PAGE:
The Mercury Prize is upon us once again, that coveted award that gives mere mortals a yearly glimpse into the hipster’s coveted iPod Classic. The award is famously diverse with Brazilian café jazz competing with angry, explosive grime.
Perhaps as a consequence of their striving for diversity, we feel some deserving artists are over-looked by the Mercury panel. But not by us. In the coming weeks, we’ll be highlighting some of the luscious LPs that have turned our office inside out this year. So without further ado, our first ‘Shouldabin’:
Mr Jukes – God First
‘Mr Jukes’ is the moniker of Bombay Bicycle Club frontman, Jack Steadman, a man whose band, in only four albums, managed to merge vintage folk music, ballsy indie rock and sample-laden sing-a-longs into a signature sound. When the band, nominated for the Mercury Prize in 2014 for ‘So Long, See You Tomorrow’, used the dreaded ‘Hiatus’ word, I and my fellow BBC obsessives were genuinely gutted. Bass player Ed Nash’s project, ‘Toothless’ features a some hints of Bombay Bicycle Club’s influences and a few genuine heartfelt tunes, but in all honesty, it only made us mourn the band further.
So, when Steadman broke his silence with details of his new project, Mr Jukes, and released debut single ‘Tears’, we were probably more nervous than he was. A diluted Bombay Bicycle Club record simply wouldn’t do. Luckily, Steadman shared the same sentiments. What followed was a unique expression of his secret obsession with soul, jazz and funk. The trap beats underpinning the R’n’B tinges of ‘Tears’ proved immediately that this was going to be a very different album indeed.
When seeking collaborators for ‘God First’, it feels like Steadman simply flicked through his vinyl collection, jotted down some names and made a few calls. None are household names but all of them deserve to be. Charles Bradley’s wailing vocals in ‘Grant Green’ are a real stand-out moment. It’s no surprise that he allegedly collapsed after laying them down.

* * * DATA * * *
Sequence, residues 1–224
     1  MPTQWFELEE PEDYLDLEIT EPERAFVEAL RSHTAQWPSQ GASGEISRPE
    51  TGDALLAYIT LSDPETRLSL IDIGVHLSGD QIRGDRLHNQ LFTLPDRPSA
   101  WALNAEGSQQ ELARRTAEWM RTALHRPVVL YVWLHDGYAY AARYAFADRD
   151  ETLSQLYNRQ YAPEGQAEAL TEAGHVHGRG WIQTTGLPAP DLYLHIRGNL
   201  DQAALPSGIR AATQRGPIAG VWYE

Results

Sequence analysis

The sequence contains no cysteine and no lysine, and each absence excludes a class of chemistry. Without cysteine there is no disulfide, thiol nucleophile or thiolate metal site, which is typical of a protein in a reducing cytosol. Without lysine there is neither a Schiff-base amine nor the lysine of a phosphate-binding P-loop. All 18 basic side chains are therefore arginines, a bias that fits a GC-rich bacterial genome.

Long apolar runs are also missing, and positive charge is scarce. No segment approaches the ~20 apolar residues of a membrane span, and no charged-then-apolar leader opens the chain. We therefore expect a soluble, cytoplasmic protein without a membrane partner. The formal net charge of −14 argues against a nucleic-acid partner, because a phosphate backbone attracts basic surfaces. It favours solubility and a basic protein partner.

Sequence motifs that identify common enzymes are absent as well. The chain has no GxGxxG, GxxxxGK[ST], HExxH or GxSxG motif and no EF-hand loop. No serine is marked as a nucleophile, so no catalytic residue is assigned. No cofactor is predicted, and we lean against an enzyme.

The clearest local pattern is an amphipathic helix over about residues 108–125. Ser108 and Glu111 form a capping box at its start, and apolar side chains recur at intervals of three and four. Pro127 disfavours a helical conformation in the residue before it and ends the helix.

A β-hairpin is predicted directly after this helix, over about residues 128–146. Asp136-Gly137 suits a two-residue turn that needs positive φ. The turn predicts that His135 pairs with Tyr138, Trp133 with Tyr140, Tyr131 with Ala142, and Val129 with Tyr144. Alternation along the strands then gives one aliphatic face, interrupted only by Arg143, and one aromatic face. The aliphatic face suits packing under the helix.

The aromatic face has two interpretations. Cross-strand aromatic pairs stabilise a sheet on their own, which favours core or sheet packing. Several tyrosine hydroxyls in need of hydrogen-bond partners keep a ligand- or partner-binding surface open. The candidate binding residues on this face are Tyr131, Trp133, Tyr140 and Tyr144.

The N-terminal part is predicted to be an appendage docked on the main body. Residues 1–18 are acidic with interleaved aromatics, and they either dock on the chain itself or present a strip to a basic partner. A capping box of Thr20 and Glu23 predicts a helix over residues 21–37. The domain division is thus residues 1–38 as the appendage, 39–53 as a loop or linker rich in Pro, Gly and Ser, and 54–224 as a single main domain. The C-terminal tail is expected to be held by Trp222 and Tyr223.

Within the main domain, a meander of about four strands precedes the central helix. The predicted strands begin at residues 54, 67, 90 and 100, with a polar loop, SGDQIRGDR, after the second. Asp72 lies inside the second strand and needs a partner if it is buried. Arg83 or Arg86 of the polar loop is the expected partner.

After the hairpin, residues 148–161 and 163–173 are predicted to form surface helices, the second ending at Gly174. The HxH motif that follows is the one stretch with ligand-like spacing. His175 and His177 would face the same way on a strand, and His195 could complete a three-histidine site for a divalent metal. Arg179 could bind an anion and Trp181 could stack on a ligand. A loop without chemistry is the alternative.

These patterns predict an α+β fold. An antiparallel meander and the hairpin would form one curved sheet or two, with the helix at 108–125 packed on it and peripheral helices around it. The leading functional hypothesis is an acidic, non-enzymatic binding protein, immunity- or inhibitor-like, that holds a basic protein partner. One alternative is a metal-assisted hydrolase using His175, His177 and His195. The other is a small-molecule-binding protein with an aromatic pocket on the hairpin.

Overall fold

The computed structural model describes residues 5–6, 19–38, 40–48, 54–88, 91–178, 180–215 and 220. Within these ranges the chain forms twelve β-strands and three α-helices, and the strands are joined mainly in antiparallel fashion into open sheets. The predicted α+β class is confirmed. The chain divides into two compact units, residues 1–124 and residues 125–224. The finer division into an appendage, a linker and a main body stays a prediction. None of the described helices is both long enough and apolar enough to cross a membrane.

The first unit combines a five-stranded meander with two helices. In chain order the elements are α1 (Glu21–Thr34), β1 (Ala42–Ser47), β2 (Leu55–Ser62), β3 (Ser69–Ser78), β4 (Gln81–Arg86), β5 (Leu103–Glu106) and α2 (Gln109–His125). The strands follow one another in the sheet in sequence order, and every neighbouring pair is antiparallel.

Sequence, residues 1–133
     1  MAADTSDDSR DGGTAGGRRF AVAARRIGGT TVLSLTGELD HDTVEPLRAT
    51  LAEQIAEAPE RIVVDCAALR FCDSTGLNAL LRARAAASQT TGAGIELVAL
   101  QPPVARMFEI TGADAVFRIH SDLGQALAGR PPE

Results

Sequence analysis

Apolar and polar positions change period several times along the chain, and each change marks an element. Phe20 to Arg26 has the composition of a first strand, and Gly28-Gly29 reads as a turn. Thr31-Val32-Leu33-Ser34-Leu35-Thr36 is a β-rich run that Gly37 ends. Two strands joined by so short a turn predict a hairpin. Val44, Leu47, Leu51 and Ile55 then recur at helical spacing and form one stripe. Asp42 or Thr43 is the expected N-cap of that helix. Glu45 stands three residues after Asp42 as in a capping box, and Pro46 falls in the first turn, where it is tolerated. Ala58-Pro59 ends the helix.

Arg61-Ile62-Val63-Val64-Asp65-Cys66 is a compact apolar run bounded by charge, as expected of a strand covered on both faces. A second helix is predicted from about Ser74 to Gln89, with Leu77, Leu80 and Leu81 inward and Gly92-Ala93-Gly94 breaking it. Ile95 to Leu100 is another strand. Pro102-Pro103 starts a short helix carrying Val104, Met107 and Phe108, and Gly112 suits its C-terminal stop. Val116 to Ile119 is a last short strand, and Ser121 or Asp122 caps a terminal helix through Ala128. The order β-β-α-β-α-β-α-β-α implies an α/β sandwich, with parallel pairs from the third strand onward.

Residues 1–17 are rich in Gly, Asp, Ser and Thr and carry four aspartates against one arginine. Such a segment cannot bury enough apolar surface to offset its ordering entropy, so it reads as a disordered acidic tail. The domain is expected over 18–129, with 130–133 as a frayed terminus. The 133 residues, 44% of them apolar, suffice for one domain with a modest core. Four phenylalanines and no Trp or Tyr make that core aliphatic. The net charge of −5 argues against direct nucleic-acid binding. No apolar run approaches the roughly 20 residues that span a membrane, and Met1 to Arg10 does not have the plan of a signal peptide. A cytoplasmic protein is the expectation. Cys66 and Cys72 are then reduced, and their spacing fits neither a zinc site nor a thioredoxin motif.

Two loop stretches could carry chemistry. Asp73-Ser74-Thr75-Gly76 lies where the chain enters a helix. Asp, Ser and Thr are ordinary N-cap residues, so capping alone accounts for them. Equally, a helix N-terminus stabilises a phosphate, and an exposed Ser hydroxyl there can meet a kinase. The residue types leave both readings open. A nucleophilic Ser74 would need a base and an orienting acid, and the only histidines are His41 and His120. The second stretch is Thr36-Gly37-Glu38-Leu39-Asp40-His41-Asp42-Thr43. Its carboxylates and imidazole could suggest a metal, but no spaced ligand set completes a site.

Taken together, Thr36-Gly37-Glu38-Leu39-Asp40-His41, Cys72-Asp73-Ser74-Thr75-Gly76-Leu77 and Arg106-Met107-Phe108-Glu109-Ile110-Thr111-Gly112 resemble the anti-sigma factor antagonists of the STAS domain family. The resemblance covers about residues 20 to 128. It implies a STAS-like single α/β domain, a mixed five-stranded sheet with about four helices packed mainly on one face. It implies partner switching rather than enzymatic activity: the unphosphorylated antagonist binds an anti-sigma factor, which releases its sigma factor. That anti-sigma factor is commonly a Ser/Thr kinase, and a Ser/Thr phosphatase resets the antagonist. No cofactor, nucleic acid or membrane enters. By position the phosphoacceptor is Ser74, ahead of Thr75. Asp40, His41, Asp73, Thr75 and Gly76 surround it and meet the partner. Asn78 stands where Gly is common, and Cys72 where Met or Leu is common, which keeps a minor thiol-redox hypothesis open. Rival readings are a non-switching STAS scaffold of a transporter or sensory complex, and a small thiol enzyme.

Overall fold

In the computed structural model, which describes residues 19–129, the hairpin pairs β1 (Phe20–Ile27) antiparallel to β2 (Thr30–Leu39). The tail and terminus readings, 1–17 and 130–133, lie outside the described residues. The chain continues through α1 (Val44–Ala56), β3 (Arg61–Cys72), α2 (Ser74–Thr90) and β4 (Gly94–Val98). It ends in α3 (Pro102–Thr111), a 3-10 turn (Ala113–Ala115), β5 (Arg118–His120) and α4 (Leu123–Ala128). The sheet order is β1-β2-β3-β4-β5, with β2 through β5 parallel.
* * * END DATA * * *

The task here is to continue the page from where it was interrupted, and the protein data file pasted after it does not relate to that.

Much of the record was written whilst Steadman was staying aboard a cargo ship crossing the North Pacific Ocean. Perhaps this solitary setting helped him to maintain the raw sensitivity that we’ve come to expect from his vocals on Bombay Bicycle Club records (check out ‘Still’ from 2011’s “A Different Kind Of Fix”). It is this ability to convey deep emotion, even through layers of samples and synths, that makes solo track “Magic” my personal highlight of the album – the placement of the words every bit as beautiful as the content of them.
Whilst his original band’s catalogue will always occupy a special place in my heart, it’s a relief and a delight that Mr Jukes isn’t trying to jostle for that position. Instead, it occupies a place all of it’s own. It may not get the reach of a Bombay Bicycle Club record but it will certainly have the legacy.